###### 27.02.2012 18:17

### Basics of tile-based engine part 1: isometric view [basic]

One of those issues is isometric view (sometimes might be called "diagonal view") which a specific type of 3D transformation without the perspective and was often used in older strategy games. Although the definition mentions 3D transformation it is actually not required at all and can be replaced with something much simpler, which unfortunately not many people try to do, resulting in many articles like this one focusing on basics of 3D - unnecessarily.

Basically you could sum everything to this simple function:

function getTile(nTargetX:Number,nTargetY:Number,nWidth:Number,nHeight:Number):Point { var nScale:Number = nWidth/nHeight; var nTransY:Number = (nScale*nTargetY-nTargetX)/2; var nTransX:Number = nTargetX+nTransY; var nTmpY:Number = Math.round( nTransY/(nHeight*nScale) ); var nTmpX:Number = Math.round( nTransX/nWidth ); var nTileX:Number = (nTmpX-nTmpY)*nWidth; var nTileY:Number = (nTmpX+nTmpY)*nHeight; return new Point(nTileX,nTileY); }Which results in this:

(Green circle is the Point returned by the

**getTile**function)

Try it yourself: tile_example.zip

That is pretty much it, now the only thing left to do is explain how **getTile** works step by step:

1.

**var nScale:Number = nWidth/nHeight;**

Scale will be used during the transformation to realign the difference between height and width (as the algorithm works only in 1:1 scale).

2.

**var nTransY:Number = (nScale*nTargetY-nTargetX)/2;
var nTransX:Number = nTargetX+nTransY;**

Here is where a point on the screen gets transformed into a point in the isometric view.

Usually when we are talking about an isometric view, we are thinking about a space that is rotated by 45 degrees in such way that movement to the right is not a simple +X, but rather some value of X plus partly also some Y. The example will probably make more sense:

**Y = -nTargetX**. However we have to remember it is not a straightforward transformation x=>y (otherwise it would result in 90 degrees turn), which is why have to divide the equation by 2 (as 90 degrees divided by 2 gives us 45... in a great simplification). Now that we know Y, getting X is quite trivial as we only need to subtract the Y value from target X (so the distance remains the same as the one before the transformation) and since Y is already negative we need to use the addition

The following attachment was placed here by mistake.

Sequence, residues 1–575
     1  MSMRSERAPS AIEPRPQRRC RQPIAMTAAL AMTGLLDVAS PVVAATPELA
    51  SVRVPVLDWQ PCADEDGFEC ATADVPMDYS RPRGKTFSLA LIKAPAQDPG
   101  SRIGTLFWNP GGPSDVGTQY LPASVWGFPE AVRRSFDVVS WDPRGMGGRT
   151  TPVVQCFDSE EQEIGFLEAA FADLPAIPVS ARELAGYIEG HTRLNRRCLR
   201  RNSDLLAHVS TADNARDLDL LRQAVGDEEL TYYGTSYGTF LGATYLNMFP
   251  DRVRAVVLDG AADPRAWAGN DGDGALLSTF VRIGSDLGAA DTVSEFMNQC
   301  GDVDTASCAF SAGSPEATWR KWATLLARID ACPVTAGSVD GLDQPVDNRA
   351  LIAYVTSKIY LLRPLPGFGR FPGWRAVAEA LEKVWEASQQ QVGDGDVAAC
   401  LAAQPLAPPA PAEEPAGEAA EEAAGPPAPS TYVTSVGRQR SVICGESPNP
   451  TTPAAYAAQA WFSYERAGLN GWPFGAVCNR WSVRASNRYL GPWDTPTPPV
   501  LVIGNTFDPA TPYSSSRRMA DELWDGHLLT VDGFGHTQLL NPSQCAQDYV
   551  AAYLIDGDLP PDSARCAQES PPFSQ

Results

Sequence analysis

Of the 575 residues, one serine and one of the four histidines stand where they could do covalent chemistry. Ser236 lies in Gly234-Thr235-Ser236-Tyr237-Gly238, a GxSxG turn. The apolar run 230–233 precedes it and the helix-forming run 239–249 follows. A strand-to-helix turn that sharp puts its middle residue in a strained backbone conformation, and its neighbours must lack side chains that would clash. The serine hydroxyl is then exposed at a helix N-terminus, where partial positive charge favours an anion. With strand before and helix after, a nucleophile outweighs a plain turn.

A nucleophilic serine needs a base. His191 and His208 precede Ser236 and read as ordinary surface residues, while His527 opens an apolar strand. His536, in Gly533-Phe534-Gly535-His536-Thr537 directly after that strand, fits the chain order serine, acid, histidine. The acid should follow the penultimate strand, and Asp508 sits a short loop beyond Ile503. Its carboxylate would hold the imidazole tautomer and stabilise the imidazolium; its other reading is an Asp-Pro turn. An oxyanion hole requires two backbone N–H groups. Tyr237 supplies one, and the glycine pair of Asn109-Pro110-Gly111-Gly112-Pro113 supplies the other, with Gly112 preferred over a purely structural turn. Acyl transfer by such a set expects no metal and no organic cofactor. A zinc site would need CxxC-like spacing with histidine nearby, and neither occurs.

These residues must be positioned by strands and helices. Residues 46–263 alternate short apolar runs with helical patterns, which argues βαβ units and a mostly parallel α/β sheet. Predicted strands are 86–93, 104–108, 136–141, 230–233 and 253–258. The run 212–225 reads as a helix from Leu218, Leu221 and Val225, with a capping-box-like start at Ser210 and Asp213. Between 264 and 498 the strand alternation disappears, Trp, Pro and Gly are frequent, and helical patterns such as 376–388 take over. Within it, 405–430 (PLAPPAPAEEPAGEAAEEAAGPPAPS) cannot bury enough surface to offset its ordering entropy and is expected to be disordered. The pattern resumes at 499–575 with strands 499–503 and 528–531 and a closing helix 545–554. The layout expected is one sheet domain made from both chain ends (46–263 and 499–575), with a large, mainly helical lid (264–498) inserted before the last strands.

**Y = nTargetX+nTransY;**. By the way, you can switch plus and minus signs between each other to achieve a -45 degrees rotation.

3.

**var nTmpY:Number = Math.round( nTransY/(nHeight*nScale) );**

var nTmpX:Number = Math.round( nTransX/nWidth );

var nTileX:Number = (nTmpX-nTmpY)*nWidth;

var nTileY:Number = (nTmpX+nTmpY)*nHeight;

var nTmpX:Number = Math.round( nTransX/nWidth );

var nTileX:Number = (nTmpX-nTmpY)*nWidth;

var nTileY:Number = (nTmpX+nTmpY)*nHeight;

Here we are translating given point into a tile, by "shrinking" the whole space using width and height values, then discarding any numbers after the comma and finally bringing everything back to "normal size". Because I love examples here is another one: if tile #0 is 20 pixels width, then every pixel between 0 and 20 will belong to it. So now the question is: how to check which tile owns the seventh pixel? Lets take that 7 and divide it by 20, resulting in 0.35. Now we discard everything after the comma and get our tile with id #0. Lets re-try that for pixel 27; 27/20 = 1.35; drop the comma stuff and we get #1, which is correct because as we already know 27 doesn't belong to #0.

Phew, that is it for today. In two weeks I will write about a very simple path finding algorithm you could implement in a tile-based engine.